This sincere authenticity combined with the authority of a true character makes the difference between a girl who tries to make up her hair like she just got out of bed, and the one who really just woke up after a night jam-packed with adventures. It makes you feel the playfulness, the fascination, the curiosity; far from resignation. Katherine Bernhardt’s paintings are still light-footed and come with a hint of irony, a constant tongue-in-cheek kind of subtext that denies any given feminist approach towards the subject. They resist a simple, unidirectional interpretation. They fight the process of objectification. The appropriation into the collective consciousness in any context is not an option, because of the strong individual character of each of the series’ paintings. Where any discursive approach sooner or later leads to a dead-end of mere words without the energy of their original source. We have to reconsider the prime motive of the paintings. This beautiful, hideous thing called life, with all of its chaotic and cosmic forms of appearance and its aesthetic manifesto, the things we enjoy to see, the pleasure of colour, the indulgence of shape.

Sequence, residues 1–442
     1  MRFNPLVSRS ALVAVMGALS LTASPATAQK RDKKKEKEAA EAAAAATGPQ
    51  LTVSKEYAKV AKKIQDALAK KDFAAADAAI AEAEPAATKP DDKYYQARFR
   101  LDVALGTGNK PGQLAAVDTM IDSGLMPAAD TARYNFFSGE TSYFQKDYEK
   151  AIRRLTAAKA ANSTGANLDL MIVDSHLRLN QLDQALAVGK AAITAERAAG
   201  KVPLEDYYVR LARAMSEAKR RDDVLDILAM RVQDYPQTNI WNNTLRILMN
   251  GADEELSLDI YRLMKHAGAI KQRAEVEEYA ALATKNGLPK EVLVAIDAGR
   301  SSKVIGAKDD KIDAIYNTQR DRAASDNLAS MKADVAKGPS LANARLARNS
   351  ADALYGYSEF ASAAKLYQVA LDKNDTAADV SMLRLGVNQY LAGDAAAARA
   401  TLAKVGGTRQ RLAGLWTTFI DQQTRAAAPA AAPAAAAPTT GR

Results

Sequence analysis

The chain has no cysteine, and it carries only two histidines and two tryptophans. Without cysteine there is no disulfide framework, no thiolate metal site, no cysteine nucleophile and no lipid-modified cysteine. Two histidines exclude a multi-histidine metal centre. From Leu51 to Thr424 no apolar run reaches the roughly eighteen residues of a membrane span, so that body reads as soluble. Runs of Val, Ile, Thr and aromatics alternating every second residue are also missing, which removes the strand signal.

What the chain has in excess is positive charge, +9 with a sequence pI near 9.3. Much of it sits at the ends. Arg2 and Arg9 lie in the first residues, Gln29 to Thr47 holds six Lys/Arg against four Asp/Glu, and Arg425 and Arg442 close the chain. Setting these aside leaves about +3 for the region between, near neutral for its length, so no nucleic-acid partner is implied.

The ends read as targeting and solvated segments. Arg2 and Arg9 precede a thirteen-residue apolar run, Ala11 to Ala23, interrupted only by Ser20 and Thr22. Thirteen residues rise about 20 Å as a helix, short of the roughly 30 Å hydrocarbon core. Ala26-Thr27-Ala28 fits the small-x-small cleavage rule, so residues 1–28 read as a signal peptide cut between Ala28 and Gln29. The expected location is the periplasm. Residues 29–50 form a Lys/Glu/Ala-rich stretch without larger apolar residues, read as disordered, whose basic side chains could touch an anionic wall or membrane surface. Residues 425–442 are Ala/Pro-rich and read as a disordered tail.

Therefore Katherine Bernhardt’s paintings function more like distorting mirrors of our gorgeous twisted reality. Thus, allowing a reflection on the process of imagination and imaging, and perceiving our life by observing the others. The eternal struggle of the individual with the collective and the prominent urge to bear the comparison to stand out from the crowd. Facing the cursed character of the image that sacrifices the aura for a unified and synchronous reality dictated by pictures as the worst enemy of the individual subject, Katherine Bernhardt’s paintings have the strength and will mark a turning point. Let’s reconsider the balance of power of the image, transform it into a painting, a portrait of mediation, a sign of will. So it’s up to us to decide if we nod our heads to the beat of life in consent or with resentment, just waiting for the next syncope to break out. Only the wonder women of today, be they on or in front of the backdrop of the scene, can do both, because this is, ‘Bout the baddest girl I ever seen. Straight up outta Magazine.’